Let's critique my position in these two pictures from May 2015 and January 2016, respectively.  I realize that they are in different gaits and that Lucky is facing different directions, and I appear to be on a bending line in the first, but I think that they really illustrate the improvement of my position.  In the first, my leg has crept up and is tight, there is a sway in my back(maybe it's just the angle that makes it look deep, but I still think it is due to a fault in my position),  my wrists are not straight, and my hands are all over the place(it looks like I'm steering with my hands).  In the second, my leg is supple and relaxed(but not floppy),  my ankle is stretched down, and my hands are together.  It appears as if I am leaning back ever so slightly(or maybe it's just me), but I otherwise think my position is close to correct.  I'm open to any thoughts and suggestions from readers as well! Respectful and constructive critiquing from my readers is always welcome!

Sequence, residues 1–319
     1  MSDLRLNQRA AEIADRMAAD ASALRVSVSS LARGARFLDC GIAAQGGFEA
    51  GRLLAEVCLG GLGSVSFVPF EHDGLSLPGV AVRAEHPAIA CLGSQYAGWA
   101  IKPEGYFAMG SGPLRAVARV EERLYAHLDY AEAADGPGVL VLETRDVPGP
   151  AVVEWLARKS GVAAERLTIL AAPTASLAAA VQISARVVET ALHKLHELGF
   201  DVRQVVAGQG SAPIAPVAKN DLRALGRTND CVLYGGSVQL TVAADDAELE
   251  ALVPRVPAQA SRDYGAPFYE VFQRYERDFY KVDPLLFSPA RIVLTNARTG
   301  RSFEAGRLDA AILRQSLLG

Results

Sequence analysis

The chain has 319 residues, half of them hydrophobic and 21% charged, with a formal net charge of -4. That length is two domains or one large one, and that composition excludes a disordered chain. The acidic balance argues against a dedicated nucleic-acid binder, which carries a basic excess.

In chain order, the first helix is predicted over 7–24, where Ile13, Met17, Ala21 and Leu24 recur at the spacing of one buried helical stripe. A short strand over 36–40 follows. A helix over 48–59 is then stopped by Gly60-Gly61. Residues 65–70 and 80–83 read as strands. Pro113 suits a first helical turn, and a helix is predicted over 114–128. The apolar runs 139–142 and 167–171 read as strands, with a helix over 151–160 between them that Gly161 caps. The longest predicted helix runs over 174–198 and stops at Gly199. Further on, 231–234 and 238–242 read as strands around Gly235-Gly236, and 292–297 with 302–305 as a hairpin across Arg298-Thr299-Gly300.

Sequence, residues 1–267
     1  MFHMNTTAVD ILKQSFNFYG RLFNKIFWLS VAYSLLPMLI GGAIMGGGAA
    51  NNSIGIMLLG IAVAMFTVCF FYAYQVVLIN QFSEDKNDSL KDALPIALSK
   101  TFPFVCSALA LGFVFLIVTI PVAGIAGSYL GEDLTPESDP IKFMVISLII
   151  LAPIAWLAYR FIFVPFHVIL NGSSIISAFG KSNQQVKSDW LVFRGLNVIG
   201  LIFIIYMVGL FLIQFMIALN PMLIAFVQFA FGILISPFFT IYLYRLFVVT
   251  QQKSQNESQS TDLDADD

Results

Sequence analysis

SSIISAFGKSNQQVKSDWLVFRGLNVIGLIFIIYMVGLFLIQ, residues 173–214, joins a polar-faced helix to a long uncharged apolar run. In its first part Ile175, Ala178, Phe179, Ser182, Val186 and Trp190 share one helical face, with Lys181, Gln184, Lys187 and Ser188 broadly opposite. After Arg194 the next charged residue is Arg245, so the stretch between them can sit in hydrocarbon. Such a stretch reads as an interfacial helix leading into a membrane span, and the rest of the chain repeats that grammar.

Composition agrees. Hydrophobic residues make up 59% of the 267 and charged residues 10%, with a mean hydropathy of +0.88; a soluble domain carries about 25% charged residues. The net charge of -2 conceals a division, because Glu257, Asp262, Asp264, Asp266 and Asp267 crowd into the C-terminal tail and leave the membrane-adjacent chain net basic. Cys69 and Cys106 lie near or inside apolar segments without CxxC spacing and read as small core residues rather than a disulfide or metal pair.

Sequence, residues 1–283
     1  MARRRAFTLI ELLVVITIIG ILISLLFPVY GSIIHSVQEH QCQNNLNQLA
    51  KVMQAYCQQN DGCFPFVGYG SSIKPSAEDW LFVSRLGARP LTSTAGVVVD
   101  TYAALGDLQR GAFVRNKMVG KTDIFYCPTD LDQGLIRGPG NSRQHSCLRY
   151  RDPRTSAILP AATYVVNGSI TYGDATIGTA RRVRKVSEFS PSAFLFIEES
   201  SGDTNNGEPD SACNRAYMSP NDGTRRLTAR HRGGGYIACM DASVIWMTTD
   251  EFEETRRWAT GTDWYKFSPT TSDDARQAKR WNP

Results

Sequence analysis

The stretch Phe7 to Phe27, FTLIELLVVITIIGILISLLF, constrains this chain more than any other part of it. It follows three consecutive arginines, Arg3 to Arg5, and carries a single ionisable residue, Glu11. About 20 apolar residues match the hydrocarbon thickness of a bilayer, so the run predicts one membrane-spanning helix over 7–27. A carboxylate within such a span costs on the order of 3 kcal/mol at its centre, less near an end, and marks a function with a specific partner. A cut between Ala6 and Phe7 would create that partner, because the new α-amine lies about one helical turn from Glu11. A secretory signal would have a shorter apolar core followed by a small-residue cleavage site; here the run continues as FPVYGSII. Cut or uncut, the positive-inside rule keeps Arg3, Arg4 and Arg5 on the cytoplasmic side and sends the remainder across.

Armed with this new piece of information,  I felt ready to canter without stirrups.  Loni cantered in front of me to help me to asked Lucky to canter.  At first, I overthought things,  and became tense like usual.  Then I got a few strides, but accidentally forgot to steer.  However, that sort success gave me the confidence and belief I needed to canter.  On my own, I asked for the canter, fully believing that it would happen, and Lucky bounded into canter.  Previously, I had expected cantering without stirrups to be more difficult than cantering with stirrups.  Though I didn't give it much thought during the ride,  I and imagine before that I would have to grab mane to balance myself.  I could not have been more wrong.  In fact, I found cantering without stirrups much easier than cantering without them.  The absence of stirrups seemed to place my legs in just the right position, and my hips swayed with the motion of the canter.  It was probably the nicest cantering!  I was able to go around the entire arena without straying from the path.